# What is the point of monetary policy if most monetary variables are determined by non-monetary factors?

Monetary policy today is largely focused on setting interest rates in order to reach an inflation target / value of the currency. Interest rates are used to affect inflation by changing the demand and supply for saving and borrowing, i.e. demand. It is entirely monetary. However, I get the impression that inflation rates respond primarily to non-monetary factors, such as technological innovation, business growth, and the expansion of international trade. I also feel that this is true of the long-run interest rate, which has apparently fallen due to demographic changes (ageing populations causing a savings glut) and international trade imbalances (funds from trade surpluses in exporting nations being invested in importing nations' financial markets). None of these factors are the responsibility of a central bank to manage yet they seem to be the ultimate determinants of monetary conditions, at least in the long-run. Friedman's quote 'Inflation is always and everywhere a monetary phenomenon' springs to mind as a argument against what I am saying. Is my chain of thought a fair criticism of monetary policy?

These are simply thoughts I have been having so I apologise for the vagueness of the question. I'm looking for someone else's thoughts on the matter and possible ideas to develop the argument further.

I do not know of any serious economist who would think that monetary variables are not to great extent determined by the decisions of central banks.

Monetary quantities depend on what the price level is which is in turn determined by the money market equilibrium. The money market equilibrium, in its simplest form is given by equation of exchange (See Mankiw Macroeconomics pp 87) as:

$$MV=PY$$

Where $$M$$ is the money supply, $$V$$ velocity of money, $$P$$ price level and $$Y$$ output.

Solving for price level and log-linearizing (so $$\%$$ changes in right hand side variables give us the $$\%$$ change in $$P$$) we get:

$$\ln P = \ln M + \ln V - \ln Y.$$

First observation that you can clearly see from the above is that technology growth or trade do not generally cause inflation. Both trade and technological growth expand production possibilities of our economies and hence they generally lead to higher real output $$Y$$. This causes deflation not inflation. Inflation is positive change in price level but increase in output causes decrease in price level.

The velocity depends on what nominal interest rate is so this can be affected by central bank, although velocity can depend also on other factors so it is not fully under its control.

What the money supply is, is completely exogenously given by central bank. Some countries can have institutional restrictions/caps on how and when central bank can increase money supply but these are not economic restrictions and in principle central bank can set $$M$$ to any value it wants on interval $$[0,\infty)$$.

Setting the theory aside empirically there is strong relationship between inflation and changes in the money supply. For example, consider the two scatterplot below (from Mankiw Macroeconomics pp 91-92). The first plot shows the relationship between money supply growth in the US and inflation in the US at different points in time (figure 1) and the second one does that internationally for averages for period 1999 to 2007 (figure 2). As you can clearly see data indicate very strong positive relationship. In addition you can see the same strong relationship between nominal interest rates and inflation. These data support also the theory from the above. Of course, correlation does not immediately tells you what the direction of causality is (but these are differenced data so the correlation is definitely not spurious and indicative of some relationship), but there are further academic studies that show that there is without doubt causal relationship between money supply and inflation, and also interest rates and inflation (for example see Maune, Matanda, Mundonde, 2020;; Barsky, 1987; Mankiw 2019; Romer: Advanced Macroeconomics 4th ed; Grauwe & Polan, 2005; and sources cited therein).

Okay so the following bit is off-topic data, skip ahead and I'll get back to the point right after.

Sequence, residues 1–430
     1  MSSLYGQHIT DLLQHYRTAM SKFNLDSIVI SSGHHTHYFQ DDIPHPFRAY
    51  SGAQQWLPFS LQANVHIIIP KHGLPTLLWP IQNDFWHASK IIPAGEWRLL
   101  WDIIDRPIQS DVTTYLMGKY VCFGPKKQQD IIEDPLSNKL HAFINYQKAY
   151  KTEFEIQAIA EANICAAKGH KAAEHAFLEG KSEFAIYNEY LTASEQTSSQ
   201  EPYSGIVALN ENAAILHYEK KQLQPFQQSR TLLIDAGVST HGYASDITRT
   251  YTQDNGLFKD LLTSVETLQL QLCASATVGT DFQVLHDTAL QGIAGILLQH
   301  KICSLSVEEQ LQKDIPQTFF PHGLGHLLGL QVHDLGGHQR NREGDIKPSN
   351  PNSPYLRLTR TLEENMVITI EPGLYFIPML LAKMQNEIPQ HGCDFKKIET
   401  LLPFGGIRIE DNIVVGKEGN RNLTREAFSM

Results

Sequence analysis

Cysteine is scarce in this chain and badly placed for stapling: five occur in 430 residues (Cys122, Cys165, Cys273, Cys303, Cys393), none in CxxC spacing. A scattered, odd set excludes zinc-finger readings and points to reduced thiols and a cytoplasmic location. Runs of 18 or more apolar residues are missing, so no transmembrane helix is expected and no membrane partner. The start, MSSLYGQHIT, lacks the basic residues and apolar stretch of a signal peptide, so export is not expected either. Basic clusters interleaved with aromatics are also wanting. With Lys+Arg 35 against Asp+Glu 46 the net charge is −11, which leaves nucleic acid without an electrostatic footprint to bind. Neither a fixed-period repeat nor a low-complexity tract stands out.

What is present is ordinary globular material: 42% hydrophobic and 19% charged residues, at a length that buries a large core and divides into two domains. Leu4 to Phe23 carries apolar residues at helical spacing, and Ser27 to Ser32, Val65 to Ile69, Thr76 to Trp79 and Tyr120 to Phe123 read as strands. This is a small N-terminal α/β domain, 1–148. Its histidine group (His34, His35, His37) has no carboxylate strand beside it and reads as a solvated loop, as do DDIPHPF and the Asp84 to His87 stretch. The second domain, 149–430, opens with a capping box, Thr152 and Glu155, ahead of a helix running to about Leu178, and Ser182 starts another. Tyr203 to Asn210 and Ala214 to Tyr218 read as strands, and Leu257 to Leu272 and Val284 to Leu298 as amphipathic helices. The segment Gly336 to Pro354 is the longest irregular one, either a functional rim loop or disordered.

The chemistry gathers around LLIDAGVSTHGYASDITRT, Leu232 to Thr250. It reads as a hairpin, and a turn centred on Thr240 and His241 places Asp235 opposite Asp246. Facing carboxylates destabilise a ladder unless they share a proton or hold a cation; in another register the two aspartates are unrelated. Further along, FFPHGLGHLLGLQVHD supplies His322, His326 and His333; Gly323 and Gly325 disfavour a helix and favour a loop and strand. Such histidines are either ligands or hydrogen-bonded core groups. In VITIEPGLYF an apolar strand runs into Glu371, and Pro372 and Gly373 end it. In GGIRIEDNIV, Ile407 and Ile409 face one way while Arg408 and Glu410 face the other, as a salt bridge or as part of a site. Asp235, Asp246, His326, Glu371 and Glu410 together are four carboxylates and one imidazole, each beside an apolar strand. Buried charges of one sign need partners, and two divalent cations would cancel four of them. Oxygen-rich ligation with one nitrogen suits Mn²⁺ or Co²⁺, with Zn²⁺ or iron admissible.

Appendix:

Figure 1:Historical Data on U.S. Inflation and Money Growth

Figure 2: International Data on Inflation and Money Growth

Figure 3: Inflation and Nominal Interest Rates Across Countries

• Do serious economists (as opposed to book authors) think $MV=PY$ is particularly helpful in the short-run as a guide to control inflation, as opposed to a more empirical approach of "inflation likely to be too high then raise interest rates; inflation likely to be too low then reduce interest rates and if that does not work then try something like quantitative easing"? – Henry Dec 9 '20 at 20:32
• @Henry no practical policy making of course involves some guesswork and it’s not easy to know what velocity, or even money supply is (especially for broader measures) in real time. In addition as mentioned in my answer MV=PY is the simplest model for money market equilibrium. Expectations matter. But the question was about whether monetary policy can affect inflation and in order to explain why it can its good to have some model to provide structure for explanation even if there is more nuance to it. – 1muflon1 Dec 9 '20 at 20:36

If you're dealing with low levels of inflation, then yes non-monetary factors have an effect. And they are unpredictable. That's why the Fed has been using a (modified) Taylor rule, where they look at (1) inflation and (2) the real economy (especially unemployment) and then adjust interest rates as needed. It's not perfect, but it's better than being consistently wrong like it was in the late 1960s and the 1970s.